Future of lower Broadway evolves as Long Branch shifts focus

Council to redesignate corridor for rehabilitation, barring use of eminent domain

Staff Writer

Properties in the Broadway Corridor redevelopment zone would no longer be subject to eminent domain if the Long Branch City Council adopts new zoning that will make the area from Liberty Street to the railroad tracks an “area in need of rehabilitation.” During the June 26 workshop meeting, the council discussed redesignating the area, which currently is a redevelopment zone.

“The crucial difference is the rehabilitation [zone] does not come with the power of eminent domain and does not grant the ability to give long-term tax abatements,” explained Robert Beckelman, redevelopment attorney for the city. “It does give the power to adopt redevelopment plans and grant short-term tax abatements.” Under the proposal, the area west of Liberty Street would be classified as a rehabilitation zone, while the area east of Liberty Street to Long Branch Avenue, known as the BroadwayArts Center (BAC), would remain a redevelopment zone.

BAC includes some 190 properties and 47 vacant parcels located along 72 acres of the Broadway Corridor, which are the first 9 acres of the entire Broadway redevelopment zone. The corridor extends two blocks from Second Avenue to Memorial Avenue and from Union Avenue to the north and Belmont Avenue to the south.

With the entire area designated an area in need of redevelopment, the city exercised the right of eminent domain to acquire properties.

Three property owners in the zone sued the city and in a 2010 ruling, the Appellate Division of state Superior Court found that the city’s 1996 designation of the zone as blighted did not meet the heightened standards for blight set in the recent court rulings .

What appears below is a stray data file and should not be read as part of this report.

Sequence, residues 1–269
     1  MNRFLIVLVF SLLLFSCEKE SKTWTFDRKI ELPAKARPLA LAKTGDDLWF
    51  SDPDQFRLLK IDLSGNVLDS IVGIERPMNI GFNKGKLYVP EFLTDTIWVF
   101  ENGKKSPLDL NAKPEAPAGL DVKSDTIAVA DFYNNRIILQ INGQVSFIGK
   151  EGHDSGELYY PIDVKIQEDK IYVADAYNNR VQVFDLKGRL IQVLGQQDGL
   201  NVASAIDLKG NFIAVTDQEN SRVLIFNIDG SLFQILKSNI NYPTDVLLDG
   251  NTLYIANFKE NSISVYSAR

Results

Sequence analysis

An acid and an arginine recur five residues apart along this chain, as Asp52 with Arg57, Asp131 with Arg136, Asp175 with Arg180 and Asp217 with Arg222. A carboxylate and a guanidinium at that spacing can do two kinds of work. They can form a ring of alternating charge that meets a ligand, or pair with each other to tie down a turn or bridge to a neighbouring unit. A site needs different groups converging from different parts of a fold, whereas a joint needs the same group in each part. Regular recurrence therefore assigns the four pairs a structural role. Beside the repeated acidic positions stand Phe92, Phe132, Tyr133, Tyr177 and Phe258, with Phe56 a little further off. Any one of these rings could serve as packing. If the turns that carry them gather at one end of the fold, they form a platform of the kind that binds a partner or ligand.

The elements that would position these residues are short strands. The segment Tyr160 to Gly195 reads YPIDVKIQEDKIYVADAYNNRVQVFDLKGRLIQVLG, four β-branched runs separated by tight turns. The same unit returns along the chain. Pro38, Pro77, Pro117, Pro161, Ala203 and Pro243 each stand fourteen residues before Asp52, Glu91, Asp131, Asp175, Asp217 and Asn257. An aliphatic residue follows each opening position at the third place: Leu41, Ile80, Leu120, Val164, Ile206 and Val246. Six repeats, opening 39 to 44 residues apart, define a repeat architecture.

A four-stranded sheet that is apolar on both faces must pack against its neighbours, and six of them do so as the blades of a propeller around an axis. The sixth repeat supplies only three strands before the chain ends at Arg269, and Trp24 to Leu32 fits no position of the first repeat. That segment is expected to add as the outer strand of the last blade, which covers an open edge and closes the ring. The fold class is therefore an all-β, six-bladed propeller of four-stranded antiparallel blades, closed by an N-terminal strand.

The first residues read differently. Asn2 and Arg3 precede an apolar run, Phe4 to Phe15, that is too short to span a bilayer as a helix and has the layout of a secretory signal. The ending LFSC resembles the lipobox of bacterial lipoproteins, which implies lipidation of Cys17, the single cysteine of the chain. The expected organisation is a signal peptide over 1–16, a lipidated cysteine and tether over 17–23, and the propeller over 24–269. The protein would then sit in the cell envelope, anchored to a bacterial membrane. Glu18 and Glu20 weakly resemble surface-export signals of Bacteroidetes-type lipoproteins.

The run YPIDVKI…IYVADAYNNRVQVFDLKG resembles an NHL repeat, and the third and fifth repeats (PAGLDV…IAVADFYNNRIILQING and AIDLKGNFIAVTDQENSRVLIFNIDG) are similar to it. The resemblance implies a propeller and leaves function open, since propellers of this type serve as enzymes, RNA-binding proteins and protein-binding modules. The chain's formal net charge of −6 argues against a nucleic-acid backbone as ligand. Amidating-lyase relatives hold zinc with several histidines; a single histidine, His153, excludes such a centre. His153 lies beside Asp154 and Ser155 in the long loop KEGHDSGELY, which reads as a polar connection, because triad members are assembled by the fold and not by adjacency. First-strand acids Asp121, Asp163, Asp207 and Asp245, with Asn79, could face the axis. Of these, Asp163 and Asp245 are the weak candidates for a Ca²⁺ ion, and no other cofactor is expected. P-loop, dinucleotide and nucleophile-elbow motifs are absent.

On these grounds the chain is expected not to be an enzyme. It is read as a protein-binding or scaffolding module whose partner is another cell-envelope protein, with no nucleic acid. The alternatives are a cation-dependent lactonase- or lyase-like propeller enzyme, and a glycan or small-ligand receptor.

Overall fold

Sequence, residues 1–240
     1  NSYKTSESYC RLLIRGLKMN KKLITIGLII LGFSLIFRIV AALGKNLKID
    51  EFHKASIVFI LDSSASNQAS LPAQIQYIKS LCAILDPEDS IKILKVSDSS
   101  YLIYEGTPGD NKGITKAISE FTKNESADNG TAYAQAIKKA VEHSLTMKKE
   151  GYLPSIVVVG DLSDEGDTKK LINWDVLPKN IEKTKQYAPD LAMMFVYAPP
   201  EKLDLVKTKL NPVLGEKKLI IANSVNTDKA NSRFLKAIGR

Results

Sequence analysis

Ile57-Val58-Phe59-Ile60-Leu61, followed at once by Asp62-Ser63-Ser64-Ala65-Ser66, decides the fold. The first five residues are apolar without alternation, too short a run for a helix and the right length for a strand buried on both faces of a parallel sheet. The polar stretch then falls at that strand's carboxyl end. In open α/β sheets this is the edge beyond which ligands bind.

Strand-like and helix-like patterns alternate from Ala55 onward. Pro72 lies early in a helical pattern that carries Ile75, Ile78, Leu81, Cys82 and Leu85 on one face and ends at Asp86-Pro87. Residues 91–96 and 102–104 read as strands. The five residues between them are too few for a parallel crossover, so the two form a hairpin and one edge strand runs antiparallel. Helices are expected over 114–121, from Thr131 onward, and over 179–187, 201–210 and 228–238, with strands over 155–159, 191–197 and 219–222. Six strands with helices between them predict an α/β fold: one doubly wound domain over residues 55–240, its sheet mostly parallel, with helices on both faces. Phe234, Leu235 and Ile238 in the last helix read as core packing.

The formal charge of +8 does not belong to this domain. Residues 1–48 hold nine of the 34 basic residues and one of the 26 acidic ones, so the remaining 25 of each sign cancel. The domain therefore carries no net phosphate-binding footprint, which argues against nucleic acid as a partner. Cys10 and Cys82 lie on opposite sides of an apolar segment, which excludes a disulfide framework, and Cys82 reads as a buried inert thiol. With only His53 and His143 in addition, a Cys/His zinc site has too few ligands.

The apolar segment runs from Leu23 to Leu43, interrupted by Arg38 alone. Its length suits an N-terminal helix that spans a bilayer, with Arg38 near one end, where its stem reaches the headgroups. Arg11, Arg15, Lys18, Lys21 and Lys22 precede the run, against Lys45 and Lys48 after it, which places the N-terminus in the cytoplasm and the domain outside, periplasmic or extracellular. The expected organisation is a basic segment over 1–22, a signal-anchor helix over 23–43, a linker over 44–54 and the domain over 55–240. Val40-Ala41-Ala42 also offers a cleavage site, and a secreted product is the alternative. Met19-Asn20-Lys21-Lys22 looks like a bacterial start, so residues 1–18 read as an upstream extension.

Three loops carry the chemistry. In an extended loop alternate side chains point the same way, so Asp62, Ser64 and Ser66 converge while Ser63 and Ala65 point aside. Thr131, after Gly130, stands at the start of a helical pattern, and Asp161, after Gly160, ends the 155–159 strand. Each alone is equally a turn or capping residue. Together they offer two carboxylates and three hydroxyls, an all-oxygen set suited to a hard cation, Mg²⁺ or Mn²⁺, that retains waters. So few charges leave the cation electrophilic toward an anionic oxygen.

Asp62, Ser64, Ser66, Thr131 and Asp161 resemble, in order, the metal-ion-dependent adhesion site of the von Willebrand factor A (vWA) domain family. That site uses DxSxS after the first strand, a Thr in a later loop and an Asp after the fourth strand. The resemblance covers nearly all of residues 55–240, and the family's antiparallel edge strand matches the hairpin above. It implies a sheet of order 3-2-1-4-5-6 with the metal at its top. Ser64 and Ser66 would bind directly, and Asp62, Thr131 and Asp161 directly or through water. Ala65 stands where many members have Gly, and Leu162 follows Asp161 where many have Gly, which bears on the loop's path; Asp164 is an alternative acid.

Beckelman said a portion of the Broadway Corridor would remain a redevelopment zone and meet the heightened standards, while the rehabilitation zone designation for the remainder of the area would satisfy the recent rulings.

“As a result of that study, a portion of the Broadway Corridor was shown to have the heightened standard the court had found for the redevelopment area,” he said.

“The [Broadway Arts Center] continues to qualify as a redevelopment area, and the remainder of the Broadway Corridor area, as a result of that case, is not,” he added.

Long Branch Mayor Adam Schneider said in a June 28 interview that the timing for the city to reconsider the Broadway Corridor as a redevelopment zone “is right” and that with an improving housing market, he is optimistic that the area will eventually be developed.

He said internal and external factors ultimately derailed the redevelopment project. “We started to get interest on Broadway and we were getting closer and closer,” he said. “The eminent domain controversy hit, and that slowed things down because we knew that had to be resolved.

“The conditions have changed, the economy has changed,” he added.

Schneider observed that many city residents likely don’t even know a time when Broadway was a thriving downtown.

“You have to be my age and older to remember lower Broadway as a functioning downtown,” Schneider said. “It has changed dramatically; by the late 1960s the business communities started to go out to the highway [Route 35] and the housing stock was in decline.